Welcome to The Dyer Consequences Blog

We are a Christian family in the Deep South, & we love to cook & we love to eat. We are interested in the classics, Latin, ancient history, Byzantine art, technology/geek matters, politics, government, & current events. Mostly we are focused on faith, family, freedom & food. Read our riveting & occasionally amusing posts, admire our outstanding photos, browse timeless archives, leave a comment, & bookmark the site. Come back often!

Friday, October 05, 2007


Let it be known that I have officially discovered fresh pomegranates, and they are delicious and much better tasting than those expensive bottles of pomegranate juice in the grocery stores. It does takes a little work to finally get those juicy pods in your mouth, but certainly worth the effort. The seeds are similar to grape seeds in size, shape and crunchiness, but a bit more edible. However, I strongly advise against eating too many seeds along with the juicy bits if you have any digestive issues. Best to just squeeze out as much juice in your mouth, then (in a mannerly and non-disgusting way) dispose of the seeds that remain.

Here are a few photos of how I prepare a fresh pomegranate, but please bear in mind that this may not be the best way, or how they do it on Food Network, but this method works for me, so whatever:

Here's what you start with. Pick a firm, shiny and heavy pomegranate and get busy.

Wash the outside and then cut it into halves or quarters. You can see that there is a lot of fleshy pulp inside, but what you want is the little red juice-filled pods.

Using your hands, separate the juice pods from the pulp and put the pods in your serving bowl.

They look like jewels, don't they? Simply beautiful and bursting with delicious juice.

This bowl shows how much you can expect to get from one piece of fruit. Just serve it like any other fruit or sprinkle the juice pods on cereal, salads or meats. Definitely worth the effort when you taste the delicious juice pods!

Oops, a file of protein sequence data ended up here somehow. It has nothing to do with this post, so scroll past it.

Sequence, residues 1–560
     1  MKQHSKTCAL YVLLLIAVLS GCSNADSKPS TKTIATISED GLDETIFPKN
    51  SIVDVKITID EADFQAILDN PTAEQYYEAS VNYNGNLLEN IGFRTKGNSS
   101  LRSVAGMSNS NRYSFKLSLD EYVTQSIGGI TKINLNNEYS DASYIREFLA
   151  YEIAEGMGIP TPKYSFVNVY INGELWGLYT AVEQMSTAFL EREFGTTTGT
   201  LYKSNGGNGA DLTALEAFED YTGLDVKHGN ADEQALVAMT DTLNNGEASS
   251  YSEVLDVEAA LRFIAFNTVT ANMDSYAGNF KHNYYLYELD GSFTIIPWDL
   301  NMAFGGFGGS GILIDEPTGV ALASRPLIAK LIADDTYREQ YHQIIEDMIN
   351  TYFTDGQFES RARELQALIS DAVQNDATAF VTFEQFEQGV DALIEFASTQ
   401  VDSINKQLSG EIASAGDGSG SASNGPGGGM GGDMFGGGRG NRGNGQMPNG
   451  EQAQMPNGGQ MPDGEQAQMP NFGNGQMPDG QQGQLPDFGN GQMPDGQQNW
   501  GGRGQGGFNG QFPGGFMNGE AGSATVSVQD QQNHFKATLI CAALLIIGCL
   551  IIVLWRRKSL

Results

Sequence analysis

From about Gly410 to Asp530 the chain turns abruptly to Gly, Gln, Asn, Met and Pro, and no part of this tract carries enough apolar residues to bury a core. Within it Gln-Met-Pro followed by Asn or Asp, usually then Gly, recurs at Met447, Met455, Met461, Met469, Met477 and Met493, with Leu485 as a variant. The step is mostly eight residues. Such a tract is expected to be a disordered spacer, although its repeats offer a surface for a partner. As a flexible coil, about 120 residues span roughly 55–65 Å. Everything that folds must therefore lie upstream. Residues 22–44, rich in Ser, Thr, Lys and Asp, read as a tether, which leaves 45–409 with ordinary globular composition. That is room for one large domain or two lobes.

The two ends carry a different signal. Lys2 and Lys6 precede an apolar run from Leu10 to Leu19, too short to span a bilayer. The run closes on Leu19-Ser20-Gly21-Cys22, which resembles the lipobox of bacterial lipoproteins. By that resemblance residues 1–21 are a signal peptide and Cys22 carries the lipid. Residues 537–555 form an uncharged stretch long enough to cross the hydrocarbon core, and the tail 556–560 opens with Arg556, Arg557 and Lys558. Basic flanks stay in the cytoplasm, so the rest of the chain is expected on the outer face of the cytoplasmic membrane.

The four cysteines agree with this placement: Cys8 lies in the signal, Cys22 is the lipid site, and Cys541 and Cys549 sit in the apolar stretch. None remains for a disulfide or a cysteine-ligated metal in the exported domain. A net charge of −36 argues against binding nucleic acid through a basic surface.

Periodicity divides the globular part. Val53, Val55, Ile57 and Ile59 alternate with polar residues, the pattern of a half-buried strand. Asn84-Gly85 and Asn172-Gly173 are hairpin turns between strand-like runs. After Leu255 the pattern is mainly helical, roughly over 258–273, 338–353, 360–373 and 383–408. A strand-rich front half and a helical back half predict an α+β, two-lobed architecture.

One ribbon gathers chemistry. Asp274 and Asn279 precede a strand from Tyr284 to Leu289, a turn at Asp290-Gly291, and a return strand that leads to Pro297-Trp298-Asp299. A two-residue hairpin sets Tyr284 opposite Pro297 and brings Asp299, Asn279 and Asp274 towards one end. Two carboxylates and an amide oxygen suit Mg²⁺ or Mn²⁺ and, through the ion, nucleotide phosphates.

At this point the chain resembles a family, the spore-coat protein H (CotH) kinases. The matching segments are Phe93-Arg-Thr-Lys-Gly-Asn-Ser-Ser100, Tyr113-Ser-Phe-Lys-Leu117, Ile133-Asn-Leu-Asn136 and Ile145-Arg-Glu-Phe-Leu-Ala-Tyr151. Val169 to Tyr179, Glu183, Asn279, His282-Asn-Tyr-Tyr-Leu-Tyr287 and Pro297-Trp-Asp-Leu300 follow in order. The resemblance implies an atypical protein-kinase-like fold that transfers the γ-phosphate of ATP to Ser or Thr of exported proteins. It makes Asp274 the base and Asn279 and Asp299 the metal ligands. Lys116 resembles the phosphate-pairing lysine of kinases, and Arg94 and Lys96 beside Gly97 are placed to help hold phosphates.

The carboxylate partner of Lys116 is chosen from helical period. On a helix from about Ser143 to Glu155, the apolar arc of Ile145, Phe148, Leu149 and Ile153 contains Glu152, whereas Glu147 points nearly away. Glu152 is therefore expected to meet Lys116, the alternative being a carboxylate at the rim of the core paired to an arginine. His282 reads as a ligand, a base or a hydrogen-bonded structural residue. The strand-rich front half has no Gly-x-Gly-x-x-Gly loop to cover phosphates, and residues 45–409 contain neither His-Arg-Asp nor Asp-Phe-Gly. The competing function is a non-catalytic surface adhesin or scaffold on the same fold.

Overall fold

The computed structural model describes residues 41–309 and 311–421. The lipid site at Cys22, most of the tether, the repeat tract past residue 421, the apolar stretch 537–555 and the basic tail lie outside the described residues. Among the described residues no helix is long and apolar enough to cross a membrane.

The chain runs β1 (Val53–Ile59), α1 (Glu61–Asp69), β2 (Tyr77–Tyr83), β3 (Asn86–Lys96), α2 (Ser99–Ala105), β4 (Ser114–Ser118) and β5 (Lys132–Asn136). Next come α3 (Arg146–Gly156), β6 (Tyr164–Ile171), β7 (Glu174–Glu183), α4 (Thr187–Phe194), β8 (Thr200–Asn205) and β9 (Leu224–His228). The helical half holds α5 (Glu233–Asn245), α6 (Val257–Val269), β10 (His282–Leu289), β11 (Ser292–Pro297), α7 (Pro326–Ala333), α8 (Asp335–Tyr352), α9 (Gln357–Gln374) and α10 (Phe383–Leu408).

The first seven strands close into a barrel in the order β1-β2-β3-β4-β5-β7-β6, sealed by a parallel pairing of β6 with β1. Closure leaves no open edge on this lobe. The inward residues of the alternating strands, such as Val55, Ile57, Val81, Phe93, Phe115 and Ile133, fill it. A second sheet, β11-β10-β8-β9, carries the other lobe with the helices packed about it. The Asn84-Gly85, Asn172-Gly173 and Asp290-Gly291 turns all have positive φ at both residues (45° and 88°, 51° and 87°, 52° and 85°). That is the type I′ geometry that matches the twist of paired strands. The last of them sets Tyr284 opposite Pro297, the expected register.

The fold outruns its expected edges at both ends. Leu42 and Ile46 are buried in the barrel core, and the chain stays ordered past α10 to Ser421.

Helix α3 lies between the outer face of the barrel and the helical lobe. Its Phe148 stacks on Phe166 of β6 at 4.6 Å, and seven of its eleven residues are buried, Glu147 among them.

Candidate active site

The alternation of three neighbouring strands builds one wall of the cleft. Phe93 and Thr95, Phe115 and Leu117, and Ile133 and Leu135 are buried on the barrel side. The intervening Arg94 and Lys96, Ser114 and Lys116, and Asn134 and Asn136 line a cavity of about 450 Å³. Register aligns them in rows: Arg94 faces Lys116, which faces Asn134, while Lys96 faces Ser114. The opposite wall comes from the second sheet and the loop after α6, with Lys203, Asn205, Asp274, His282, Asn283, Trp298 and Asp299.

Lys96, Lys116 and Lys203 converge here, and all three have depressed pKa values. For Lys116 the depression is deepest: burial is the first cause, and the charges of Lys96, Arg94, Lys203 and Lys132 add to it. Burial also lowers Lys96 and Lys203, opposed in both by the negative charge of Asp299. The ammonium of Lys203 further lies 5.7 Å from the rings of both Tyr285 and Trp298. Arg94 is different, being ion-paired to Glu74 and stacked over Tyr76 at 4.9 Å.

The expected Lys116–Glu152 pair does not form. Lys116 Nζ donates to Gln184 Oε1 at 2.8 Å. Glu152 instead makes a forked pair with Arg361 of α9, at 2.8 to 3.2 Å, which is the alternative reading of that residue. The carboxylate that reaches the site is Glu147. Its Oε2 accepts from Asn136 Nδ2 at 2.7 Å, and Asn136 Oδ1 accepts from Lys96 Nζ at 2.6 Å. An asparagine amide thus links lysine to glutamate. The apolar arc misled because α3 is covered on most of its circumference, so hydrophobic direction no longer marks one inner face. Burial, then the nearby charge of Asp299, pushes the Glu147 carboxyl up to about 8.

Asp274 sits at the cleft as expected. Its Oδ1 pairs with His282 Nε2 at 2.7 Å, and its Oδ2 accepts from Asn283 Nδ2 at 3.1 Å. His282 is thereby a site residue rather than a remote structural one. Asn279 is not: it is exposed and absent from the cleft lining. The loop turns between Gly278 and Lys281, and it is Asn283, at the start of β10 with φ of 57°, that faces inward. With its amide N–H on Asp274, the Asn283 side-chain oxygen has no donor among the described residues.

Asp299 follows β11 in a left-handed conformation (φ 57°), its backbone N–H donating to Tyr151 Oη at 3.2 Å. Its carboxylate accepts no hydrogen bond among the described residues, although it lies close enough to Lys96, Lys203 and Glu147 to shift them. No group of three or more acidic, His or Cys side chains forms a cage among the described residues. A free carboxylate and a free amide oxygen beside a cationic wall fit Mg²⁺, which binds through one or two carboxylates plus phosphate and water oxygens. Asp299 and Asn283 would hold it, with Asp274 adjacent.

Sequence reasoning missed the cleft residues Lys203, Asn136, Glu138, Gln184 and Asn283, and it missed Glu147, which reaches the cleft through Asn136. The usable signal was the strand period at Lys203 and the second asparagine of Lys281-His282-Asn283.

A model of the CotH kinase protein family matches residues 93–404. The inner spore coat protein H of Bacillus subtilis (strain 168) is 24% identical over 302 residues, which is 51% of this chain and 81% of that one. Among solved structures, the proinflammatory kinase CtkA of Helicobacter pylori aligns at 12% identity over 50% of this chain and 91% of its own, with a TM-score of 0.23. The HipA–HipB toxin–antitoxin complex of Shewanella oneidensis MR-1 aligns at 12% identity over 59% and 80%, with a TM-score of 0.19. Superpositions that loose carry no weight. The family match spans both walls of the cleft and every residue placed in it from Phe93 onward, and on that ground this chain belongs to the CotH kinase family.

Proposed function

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My Favorite Squirrel Moves Her Family!

My Favorite Squirrel is a real character! She loves to wait on the fence or a tree nearby and taunt our dogs as they approach. The dogs want nothing more than to chase her down and rip her to shreds, but she just scotches them out with her chatter, waves her tail at them, and stays safely out of their range.

This is a game she plays with them all around our house, and she and the dogs seem to enjoy themselves every time.

This is the same squirrel that used to drink my hummingbirds' sugar water from the feeders by turning it up one its edge and slurping it out the holes. I solved that problem by moving the feeder closer to the house where she hesitated to go.

And this is the same squirrel that gets in our front gutters and runs around in them, back and forth, and then starts gnawing on the wood in the soffits. This is annoying, not because of the noise, but because she is ruining the wood with that incessant gnawing. Dan has put additional screens on the gutters, and she can still get down in them to run around, but it seems to have put an end to the gnawing and the damage to our house.

Recently during the extreme drought, My Favorite Squirrel disappeared. I was very worried because we didn't seem to have any wildlife left in the yard, plus there is the ongoing problem with the coyotes. I checked the roads nearby and no road kill there, and we decided that, if the coyotes had not gotten her, she may have gone down the hill to the creek for water. Squirrels don't travel far from their home territory, and the creek is some distance, but it was still within her range. Anyway, she was gone. End of story, I thought.

The other day, however, I was coming down the back with the dogs and saw a squirrel coming down a neighbor's tree. This squirrel had something huge in its mouth, like a giant tumor or infection, not like nuts stuffed in its cheeks, but hanging from its mouth. I ran down the walkway, but lost sight of it. I was worried because this was a disturbing thing to see, even though the squirrel was moving at a good clip in spite of its burden, whatever it might be.

In the front yard, I saw the squirrel, My Favorite Squirrel, going up the tree near our house. She went to her old nest in the branches, and I saw her come out of it, but without the huge ball she had been carrying!